"…As of September 2015, about 4.5 percent of the eggs produced in the U.S. were from traditional non-organic, cage-free facilities, with another 4.2 percent from organic, cage-free facilities.
But there’s every indication that demand will continue to escalate, especially as a ballot initiative expected in Massachusetts this November looks to make it the third state in the country — joining California and Michigan — to pass a cage-free standard. More than 130,000 residents signed a petition to get the measure on the ballot. The state held a hearing in February where opponents argued it would raise prices and take away consumer demand.…

Albertsons Companies, the nation's second largest grocery chain with more than 2,200 locations, announced Tuesday that "it will be working with its suppliers toward a goal of sourcing only cage-free eggs for its store operations by 2025, based on available supply." The company, which operates such well-known brands as Safeway, Shaw’s, Acme and Vons, joins a rapidly growing list of major food retailers and restaurants requiring their suppliers to provide only eggs from hens raised in cage-free environments.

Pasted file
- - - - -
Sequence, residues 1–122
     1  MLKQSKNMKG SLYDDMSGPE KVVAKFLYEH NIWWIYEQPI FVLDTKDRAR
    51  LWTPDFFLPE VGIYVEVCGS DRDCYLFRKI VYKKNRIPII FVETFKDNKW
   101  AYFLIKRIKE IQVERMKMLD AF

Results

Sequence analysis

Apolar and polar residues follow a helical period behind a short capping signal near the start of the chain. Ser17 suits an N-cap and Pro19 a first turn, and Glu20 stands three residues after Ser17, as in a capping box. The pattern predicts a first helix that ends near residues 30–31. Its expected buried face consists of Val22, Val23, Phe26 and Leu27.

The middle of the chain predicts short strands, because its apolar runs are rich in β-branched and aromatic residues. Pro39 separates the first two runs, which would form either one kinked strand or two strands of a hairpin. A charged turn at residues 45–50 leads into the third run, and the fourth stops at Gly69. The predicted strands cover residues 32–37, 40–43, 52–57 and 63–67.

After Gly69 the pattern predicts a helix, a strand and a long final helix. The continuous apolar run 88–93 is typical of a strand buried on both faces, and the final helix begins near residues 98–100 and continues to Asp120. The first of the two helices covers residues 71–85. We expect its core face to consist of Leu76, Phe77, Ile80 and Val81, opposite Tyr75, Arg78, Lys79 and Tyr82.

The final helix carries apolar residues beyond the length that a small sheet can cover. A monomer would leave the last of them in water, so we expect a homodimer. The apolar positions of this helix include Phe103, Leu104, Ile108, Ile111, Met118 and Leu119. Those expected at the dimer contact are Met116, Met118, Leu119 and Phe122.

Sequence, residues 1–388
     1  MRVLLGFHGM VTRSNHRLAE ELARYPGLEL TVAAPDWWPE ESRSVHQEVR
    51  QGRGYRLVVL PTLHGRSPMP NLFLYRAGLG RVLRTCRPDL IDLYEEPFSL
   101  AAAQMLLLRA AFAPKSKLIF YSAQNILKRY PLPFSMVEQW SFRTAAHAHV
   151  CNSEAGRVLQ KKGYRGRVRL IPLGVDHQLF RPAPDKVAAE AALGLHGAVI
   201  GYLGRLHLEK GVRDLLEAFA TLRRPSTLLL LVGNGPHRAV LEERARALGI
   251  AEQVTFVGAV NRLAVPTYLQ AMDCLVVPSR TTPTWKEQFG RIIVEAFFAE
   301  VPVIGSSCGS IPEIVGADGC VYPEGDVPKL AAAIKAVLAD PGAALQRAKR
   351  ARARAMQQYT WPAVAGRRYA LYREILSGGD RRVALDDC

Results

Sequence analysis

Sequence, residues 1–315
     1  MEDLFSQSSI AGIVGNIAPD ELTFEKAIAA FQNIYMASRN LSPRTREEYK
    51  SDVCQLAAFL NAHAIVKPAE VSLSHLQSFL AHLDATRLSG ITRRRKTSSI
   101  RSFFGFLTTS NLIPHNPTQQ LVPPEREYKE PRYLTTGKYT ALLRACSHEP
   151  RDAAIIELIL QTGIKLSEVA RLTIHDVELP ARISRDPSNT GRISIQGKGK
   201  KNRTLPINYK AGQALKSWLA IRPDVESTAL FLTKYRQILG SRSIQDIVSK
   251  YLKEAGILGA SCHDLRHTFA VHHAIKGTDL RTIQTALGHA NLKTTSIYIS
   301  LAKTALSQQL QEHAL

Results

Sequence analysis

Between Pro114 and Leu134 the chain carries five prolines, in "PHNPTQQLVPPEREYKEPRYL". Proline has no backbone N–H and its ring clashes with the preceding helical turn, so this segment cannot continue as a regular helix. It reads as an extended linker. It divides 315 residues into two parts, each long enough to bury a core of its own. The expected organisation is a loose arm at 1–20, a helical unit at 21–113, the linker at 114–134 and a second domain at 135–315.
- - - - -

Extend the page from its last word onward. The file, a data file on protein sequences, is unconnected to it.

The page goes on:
Last week it was the grocery chain Ahold USA making the pledge, and the week before that it was BJ’s Wholesale Club. Costco, Trader Joe’s, Dunkin' Donuts, Taco Bell, McDonald’s, and Mondelez all have recently informed egg suppliers of their cage-free demands.…"


Boosted #motorskateboard at Wise Surf Shop, San Francisco

via Instagram: https://www.instagram.com/p/BDOEuD9AMjF/
Bob Wise said, "Try it out." I hesitated, not having been on a skateboard for 3+ months. "Come on," he said, and we went outside. He showed me how to use the handheld wireless throttle, and it was remarkable. I'm gonna go back and suit up and take it for a longer ride. Fun! No intention of buying one ($1500), but Wise seems to be OK with me taking a cruise. It's got forward/backward controls, you use the latter for braking. It'll go uphill. I now have an arm brace for my recently fractured wrist, slowly working my way back into skating. A lot more careful from here on out.

Homemade #sourdough #bread

What I'm Doing These Days

Three to four years ago, I did a lot more writing of posts than I do now. These days I'm working on other digital forms of communication (takes time) as well as our old school hold-in-your-hands treasures called books, and in the midst of writing, photographing, editing, and laying out our next major book, Small Homes.